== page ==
The promise is that new software tools will support radiologists in the current tasks and add a layer of connectivity to enhance decision-making. Algorithms, for instance, can be trained to detect anomalies even before scans are reported and therefore accelerate diagnosis and treatment in certain cases. Intelligently-designed systems can also take the repeat measurements needed in aspects such as treatment monitoring to free up clinician time.
Big data, big opportunity
The growth of technology in radiology and the potential of big data provide the discipline with the ammunition to meet future challenges, according to Professor Guy Frija, a past president of the European Society of Radiology(ESR).
Applying AI to medical imaging can generate huge improvements in the quality of care and speed of diagnosis, and comes with the potential to create systems that integrate across healthcare disciplines, giving radiologists and radiographers intelligent support in their daily workflow.
Many radiologists and radiographers are excited by the potential of integrated AI and machine learning to support their clinical decision-making, particularly as work demands are increasing.
“We cannot work without technology,” says Dr Naleem Dugar, a consultant radiologist at Doncaster and Bassetlaw Hospitals NHS Trust in the UK. “All our images are digital and we use voice recognition to help with the volume of reports we produce, so we are already using AI and are not afraid of it.
“The algorithms are getting better and there is no doubt that machines will pick up irregularities. They might even be better at picking up a lung nodule in a 1,000-slice CT scan because they don’t get fatigued, whereas a radiologist’s eyes may get fatigued by the end of a day.”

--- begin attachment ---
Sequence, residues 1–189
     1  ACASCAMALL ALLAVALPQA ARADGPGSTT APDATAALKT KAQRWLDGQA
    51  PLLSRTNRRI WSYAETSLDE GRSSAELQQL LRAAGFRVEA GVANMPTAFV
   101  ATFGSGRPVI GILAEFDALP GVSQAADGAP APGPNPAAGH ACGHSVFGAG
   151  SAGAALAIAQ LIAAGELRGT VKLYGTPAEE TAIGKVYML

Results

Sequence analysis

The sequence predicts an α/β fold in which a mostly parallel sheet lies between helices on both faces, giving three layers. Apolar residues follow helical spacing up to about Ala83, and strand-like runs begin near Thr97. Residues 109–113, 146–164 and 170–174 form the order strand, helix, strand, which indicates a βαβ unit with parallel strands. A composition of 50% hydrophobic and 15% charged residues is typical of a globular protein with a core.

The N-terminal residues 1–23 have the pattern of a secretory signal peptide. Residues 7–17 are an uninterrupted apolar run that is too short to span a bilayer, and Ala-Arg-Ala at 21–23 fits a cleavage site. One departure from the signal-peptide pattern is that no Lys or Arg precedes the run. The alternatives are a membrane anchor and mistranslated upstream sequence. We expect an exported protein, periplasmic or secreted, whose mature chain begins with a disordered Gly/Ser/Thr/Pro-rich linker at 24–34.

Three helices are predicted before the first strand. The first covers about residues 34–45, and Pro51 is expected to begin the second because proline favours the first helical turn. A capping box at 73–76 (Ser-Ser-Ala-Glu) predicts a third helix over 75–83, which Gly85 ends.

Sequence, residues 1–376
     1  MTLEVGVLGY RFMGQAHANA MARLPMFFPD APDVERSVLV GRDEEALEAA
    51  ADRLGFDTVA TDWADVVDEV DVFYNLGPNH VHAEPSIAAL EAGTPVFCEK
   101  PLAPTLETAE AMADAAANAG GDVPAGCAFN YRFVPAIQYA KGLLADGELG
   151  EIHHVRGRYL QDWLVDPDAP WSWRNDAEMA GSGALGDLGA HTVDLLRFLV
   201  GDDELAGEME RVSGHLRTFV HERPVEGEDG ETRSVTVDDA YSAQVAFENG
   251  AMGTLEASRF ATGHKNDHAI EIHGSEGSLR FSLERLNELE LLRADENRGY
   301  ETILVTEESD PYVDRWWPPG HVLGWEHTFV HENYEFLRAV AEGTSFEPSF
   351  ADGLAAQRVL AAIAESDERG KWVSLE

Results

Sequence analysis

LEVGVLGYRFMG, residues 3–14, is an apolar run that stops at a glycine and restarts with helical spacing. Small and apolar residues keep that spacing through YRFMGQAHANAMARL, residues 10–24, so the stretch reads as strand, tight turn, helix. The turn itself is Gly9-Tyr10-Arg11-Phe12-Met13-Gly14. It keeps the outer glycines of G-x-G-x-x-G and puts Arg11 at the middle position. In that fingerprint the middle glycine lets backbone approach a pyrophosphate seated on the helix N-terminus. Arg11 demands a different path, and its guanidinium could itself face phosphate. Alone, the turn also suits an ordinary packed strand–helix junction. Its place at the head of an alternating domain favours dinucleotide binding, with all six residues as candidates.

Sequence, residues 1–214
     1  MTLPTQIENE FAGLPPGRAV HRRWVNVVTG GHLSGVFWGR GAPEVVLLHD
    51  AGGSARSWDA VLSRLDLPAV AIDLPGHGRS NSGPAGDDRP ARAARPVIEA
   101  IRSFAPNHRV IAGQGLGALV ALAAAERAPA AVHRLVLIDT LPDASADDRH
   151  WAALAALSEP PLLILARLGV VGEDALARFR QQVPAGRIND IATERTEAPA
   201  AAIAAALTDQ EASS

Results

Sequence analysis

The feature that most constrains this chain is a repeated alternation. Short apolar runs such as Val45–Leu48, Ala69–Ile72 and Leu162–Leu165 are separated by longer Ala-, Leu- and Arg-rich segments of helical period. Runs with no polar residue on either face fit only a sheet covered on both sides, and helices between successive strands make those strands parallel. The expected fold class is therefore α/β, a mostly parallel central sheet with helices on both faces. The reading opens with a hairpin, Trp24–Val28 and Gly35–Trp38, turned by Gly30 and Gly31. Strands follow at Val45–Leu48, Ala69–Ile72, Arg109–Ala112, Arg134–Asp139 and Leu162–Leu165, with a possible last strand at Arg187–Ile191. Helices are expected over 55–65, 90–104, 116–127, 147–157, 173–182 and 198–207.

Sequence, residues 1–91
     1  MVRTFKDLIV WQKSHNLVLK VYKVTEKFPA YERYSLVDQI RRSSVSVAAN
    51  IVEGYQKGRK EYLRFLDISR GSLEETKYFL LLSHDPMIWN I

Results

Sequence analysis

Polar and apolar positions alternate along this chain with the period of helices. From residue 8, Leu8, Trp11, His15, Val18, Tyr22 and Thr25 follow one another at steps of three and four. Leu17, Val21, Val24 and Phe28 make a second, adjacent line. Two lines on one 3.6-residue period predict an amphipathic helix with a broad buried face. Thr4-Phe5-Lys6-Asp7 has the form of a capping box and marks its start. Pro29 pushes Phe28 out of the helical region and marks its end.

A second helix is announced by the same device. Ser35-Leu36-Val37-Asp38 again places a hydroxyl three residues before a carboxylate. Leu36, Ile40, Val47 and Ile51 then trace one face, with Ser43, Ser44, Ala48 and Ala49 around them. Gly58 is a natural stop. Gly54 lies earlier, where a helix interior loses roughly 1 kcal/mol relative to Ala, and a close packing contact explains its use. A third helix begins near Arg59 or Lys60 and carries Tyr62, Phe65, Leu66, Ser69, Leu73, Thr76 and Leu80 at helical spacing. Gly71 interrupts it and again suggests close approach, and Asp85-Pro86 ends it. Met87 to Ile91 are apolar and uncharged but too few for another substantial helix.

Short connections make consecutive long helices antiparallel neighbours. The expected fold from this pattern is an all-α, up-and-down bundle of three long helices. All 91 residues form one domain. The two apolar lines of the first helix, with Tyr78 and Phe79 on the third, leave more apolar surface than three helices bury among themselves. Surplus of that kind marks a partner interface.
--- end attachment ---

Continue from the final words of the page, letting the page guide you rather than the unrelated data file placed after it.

Dr Dugar, who is a former chair of the Royal College of Radiologists’ Imaging Informatics Group, added:
AI can play a crucial part and we should be excited by its potential, but we need to retain the perspective that it is a support tool for clinical judgement – which is the gold standard.
Returning to Dr Kharat’s study in the Indian Journal of Radiology and Imaging, there’s great potential for AI to improve the quality of performed scans, assist radiologists in decision support and act as a virtual quality control tool. According to Dr Kharat, over a period of time AI can “self-learn to find hidden information within the reports and images which are rather difficult to interconnect, or find a relationship using the standard routine or conventional protocols…In the near future, big data will work to assist radiologists by providing intelligent and targeted decision support, rather than replacing radiologists.”
It was less than a generation ago that radiologists had to ‘wet process’ X-ray images, passing film through developing and fixing baths before analysis. Now they, and patients, have the energizing prospect of intelligent technology that can perform tasks at lightning pace and develop alongside the treatment – improving speed, efficiency and clinical outcomes.